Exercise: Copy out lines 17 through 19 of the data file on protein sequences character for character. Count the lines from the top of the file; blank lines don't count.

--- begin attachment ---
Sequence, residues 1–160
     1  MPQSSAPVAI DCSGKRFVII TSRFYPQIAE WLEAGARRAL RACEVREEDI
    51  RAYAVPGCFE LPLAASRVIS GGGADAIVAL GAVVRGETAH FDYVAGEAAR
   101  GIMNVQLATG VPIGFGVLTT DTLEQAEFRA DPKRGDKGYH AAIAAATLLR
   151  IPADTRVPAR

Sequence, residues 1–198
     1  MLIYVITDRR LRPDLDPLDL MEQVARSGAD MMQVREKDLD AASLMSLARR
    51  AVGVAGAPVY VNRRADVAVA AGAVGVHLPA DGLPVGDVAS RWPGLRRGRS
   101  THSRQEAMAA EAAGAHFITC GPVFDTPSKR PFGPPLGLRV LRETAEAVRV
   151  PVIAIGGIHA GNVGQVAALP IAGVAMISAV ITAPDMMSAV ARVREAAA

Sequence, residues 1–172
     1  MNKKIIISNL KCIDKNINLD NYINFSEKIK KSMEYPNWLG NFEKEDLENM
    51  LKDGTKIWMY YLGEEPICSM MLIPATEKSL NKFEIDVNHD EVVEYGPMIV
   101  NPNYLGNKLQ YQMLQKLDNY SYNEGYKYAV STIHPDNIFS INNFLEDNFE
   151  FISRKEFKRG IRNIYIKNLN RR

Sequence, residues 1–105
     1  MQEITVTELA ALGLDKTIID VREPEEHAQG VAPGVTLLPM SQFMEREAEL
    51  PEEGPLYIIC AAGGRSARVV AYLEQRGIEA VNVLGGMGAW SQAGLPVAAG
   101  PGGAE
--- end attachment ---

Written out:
     1  MQEITVTELA ALGLDKTIID VREPEEHAQG VAPGVTLLPM SQFMEREAEL
    51  PEEGPLYIIC AAGGRSARVV AYLEQRGIEA VNVLGGMGAW SQAGLPVAAG
   101  PGGAE